Most want London congestion charge extension scrapped

Congestion charge marking on Earls Court Road
Image caption The western extension to the charge zone could be scrapped

Nearly two-thirds of people who responded to the public consultation into the western extension of the congestion charging zone favoured scrapping the scheme.

A quarter of the respondents wanted to retain the charging area, which was introduced in February 2007.

Transport for London (TfL) has predicted a £55m revenue loss and an increase in traffic if it is removed.

London Mayor Boris Johnson has pledged to get rid of it.

TfL said: "TfL is currently in the process of analysing the 13,000 responses to the consultation. A report summarising the consultation responses will be provided to the mayor in due course and he will decide whether to implement the changes."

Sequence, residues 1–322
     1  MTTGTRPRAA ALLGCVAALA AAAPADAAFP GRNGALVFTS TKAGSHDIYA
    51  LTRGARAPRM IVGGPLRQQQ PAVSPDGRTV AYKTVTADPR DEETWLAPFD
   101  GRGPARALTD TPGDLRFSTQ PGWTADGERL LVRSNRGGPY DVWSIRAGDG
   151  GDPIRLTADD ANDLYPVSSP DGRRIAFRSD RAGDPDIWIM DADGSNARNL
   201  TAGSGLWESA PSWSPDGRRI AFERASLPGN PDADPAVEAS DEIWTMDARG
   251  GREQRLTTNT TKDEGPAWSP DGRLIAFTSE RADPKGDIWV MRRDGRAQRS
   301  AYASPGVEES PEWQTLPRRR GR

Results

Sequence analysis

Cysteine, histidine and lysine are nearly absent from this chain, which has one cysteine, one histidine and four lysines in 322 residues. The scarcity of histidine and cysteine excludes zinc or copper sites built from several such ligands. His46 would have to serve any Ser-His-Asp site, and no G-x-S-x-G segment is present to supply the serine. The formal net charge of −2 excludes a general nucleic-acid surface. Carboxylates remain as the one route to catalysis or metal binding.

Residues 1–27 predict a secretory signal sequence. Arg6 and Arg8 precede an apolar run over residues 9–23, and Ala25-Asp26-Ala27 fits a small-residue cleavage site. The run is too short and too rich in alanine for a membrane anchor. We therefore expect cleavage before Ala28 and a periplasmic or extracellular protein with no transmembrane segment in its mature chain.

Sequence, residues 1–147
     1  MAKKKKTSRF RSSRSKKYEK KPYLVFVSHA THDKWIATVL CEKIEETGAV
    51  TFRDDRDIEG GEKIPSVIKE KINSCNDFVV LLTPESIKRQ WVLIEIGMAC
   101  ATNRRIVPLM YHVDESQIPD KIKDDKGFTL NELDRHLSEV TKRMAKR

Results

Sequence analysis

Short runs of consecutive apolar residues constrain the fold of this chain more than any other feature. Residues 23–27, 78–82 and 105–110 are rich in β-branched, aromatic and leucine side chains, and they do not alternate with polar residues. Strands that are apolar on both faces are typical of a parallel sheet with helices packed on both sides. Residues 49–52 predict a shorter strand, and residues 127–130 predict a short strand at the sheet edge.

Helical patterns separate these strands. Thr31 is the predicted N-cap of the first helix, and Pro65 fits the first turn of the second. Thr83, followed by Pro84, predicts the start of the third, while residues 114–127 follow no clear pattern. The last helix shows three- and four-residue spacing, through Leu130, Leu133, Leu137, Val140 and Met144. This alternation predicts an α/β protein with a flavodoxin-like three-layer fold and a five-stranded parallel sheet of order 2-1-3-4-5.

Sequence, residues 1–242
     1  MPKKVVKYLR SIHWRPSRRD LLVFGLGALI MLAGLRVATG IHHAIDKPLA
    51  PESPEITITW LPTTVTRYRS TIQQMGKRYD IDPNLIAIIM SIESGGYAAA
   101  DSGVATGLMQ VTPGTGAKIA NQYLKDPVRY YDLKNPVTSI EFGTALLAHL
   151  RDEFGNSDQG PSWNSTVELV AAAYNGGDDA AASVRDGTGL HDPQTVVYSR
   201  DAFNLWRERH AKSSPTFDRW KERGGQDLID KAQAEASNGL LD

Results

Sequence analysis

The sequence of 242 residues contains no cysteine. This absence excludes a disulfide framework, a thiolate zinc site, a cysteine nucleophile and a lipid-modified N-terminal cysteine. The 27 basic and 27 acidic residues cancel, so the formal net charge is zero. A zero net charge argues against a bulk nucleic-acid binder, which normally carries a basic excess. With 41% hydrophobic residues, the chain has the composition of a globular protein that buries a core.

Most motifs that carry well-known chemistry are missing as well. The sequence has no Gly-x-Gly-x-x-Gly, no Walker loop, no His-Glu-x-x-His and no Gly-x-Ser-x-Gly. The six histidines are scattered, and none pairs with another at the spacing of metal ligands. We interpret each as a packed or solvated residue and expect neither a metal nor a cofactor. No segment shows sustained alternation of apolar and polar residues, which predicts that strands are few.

The consultation - which found 65% of people who responded wanted to scrap the western extension - ended on 2 August and Mr Johnson has said if he decides to get rid of the extension, it will be scrapped on Christmas Eve this year.

'Big mistake'

Mr Johnson has previously said west London never wanted the western extension, which covers most of Westminster and Kensington and Chelsea, and said it had failed to work.

Labour London Assembly member Val Shawcross, has described the halving of London's congestion charge zone as a "big mistake".

Also under consultation is that the charge is increased from £8 to £10-a-day from January 2011.

The congestion charge, which covers an area of central London, had been introduced in February 2003, with drivers initially paying £5 a day.

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